MIT robot may accelerate trials for stroke medications

Robot protocol able to cut time and cost of Phase III drug trials by 70%

Scientists at Massachusetts Institute of Technology in the US have developed a robot that may help speed up the development of drugs to treat acute stroke or aid in stroke recovery.

Hermano Igo Krebs, a principal research scientist in MIT’s Department of Mechanical Engineering, says the robot could let pharmaceutical companies know much earlier in the development process whether a drug will ultimately work in stroke patients.

The team found that by using a robot’s measurements to gauge patient performance, companies might only have to test 240 patients to determine whether a drug works — a reduction of 70% that Krebs says would translate to a similar reduction in time and cost.

While pharmaceutical companies would still have to adhere to the FDA’s established guidelines and outcome measurements to receive final drug approval, Krebs says they could use the robot measurements to guide early decisions on whether to pursue or abandon a certain drug.

In their study, the scientists explored the robot MIT-Manus as a tool for evaluating patient improvement over time. The robot, developed by the team at MIT’s Newman Laboratory for Biomechanics and Human Rehabilitation, has mainly been used as a rehabilitation tool – patients play a video game by manoeuvring the robot’s arm, with the robot assisting as needed.

They could use the robot measurements to guide early decisions on whether to pursue or abandon a certain drug

While the robot has mainly been used as a form of physical therapy, Krebs says it can also be employed as a measurement tool. As a patient moves the robot’s arm, the robot collects motion data, including the patient’s arm speed, movement smoothness, and aim. For the current study, the researchers collected such data from 208 patients who worked with the robot seven days after suffering a stroke, and continued to do so for three months.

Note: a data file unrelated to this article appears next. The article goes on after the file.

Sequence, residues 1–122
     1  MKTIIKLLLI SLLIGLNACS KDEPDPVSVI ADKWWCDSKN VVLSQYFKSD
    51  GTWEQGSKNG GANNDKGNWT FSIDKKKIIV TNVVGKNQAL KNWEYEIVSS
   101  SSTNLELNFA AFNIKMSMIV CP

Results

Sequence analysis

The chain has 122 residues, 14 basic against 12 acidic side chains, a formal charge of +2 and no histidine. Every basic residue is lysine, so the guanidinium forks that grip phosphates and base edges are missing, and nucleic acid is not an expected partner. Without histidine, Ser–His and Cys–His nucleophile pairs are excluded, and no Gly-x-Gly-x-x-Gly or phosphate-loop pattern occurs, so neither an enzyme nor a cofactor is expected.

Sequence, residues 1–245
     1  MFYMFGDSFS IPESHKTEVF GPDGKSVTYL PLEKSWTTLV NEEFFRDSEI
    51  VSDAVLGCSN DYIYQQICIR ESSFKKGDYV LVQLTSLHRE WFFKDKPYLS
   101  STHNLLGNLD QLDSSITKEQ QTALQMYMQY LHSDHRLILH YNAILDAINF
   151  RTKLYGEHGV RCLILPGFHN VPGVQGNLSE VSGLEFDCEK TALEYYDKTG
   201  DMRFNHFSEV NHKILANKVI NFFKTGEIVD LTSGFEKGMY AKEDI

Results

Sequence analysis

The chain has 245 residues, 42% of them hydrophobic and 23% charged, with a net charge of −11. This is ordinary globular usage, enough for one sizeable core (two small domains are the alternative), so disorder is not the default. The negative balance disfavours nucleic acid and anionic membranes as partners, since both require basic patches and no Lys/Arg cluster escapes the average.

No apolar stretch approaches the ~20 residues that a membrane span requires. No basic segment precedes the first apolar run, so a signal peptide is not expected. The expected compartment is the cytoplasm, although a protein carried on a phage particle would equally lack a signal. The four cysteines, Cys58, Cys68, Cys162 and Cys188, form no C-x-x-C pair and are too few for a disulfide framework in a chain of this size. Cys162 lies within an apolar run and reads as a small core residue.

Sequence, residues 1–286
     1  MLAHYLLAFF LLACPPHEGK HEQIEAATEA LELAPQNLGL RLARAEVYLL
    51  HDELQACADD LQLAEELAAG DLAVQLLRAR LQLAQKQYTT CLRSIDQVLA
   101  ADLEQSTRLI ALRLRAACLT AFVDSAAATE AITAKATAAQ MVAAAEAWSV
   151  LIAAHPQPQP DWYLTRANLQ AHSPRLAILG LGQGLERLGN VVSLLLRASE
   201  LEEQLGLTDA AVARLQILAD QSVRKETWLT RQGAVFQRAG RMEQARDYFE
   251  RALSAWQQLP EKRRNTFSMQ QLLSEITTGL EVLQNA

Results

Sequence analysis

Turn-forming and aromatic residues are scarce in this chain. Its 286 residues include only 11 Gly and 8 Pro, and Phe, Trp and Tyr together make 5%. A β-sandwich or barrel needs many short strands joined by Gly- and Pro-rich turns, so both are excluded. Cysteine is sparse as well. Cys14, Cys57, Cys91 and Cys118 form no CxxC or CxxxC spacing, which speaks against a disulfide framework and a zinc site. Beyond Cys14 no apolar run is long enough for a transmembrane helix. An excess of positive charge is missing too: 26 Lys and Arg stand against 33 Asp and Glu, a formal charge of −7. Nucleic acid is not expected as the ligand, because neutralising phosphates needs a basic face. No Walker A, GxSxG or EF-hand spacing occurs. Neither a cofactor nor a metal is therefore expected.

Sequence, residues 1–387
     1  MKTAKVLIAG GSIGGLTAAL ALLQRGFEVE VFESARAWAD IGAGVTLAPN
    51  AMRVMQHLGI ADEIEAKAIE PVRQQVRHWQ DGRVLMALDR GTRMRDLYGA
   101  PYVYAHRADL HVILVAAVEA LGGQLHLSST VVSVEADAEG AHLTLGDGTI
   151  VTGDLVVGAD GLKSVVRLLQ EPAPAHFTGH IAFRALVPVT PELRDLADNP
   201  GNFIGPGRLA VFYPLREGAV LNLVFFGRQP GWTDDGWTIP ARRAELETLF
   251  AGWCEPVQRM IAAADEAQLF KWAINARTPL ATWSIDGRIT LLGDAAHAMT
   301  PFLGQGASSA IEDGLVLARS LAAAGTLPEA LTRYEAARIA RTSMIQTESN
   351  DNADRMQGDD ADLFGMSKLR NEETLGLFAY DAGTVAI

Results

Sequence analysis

The researchers created an artificial neural network map that relates a patient’s motion data to a score that correlates with a standard clinical outcome measurement.

The authors then selected a separate group of nearly 3,000 stroke patients who did not use the robot, but who went through standard clinical tests.

In particular, the researchers calculated the 'effect size' – the difference in patient performance from the beginning to the end of a trial, divided by the standard deviation, or variability, of improvement among these patients. To determine whether a drug works, the FDA will often look to a study’s effect size.

Using the robot-derived neural network map, the group calculated the effect size at twice the rate usually achieved with standard clinical outcome measurements, indicating that the robot scale demonstrated greater sensitivity in measuring patient recovery.

The study’s authors went one step further and performed a power analysis that determines the optimal sample size for a given technique, finding that the robot scale would require only 240 patients to determine a drug’s effectiveness.

Currently, only a few stroke drugs are in the late stages of development. However, once a company reaches a Phase III clinical trial, Krebs says it may use the MIT-Manus robot as a more efficient way to evaluate the drug’s impact by employing the measurement techniques on a smaller group of patients.

The researchers have published their results in the journal Stroke.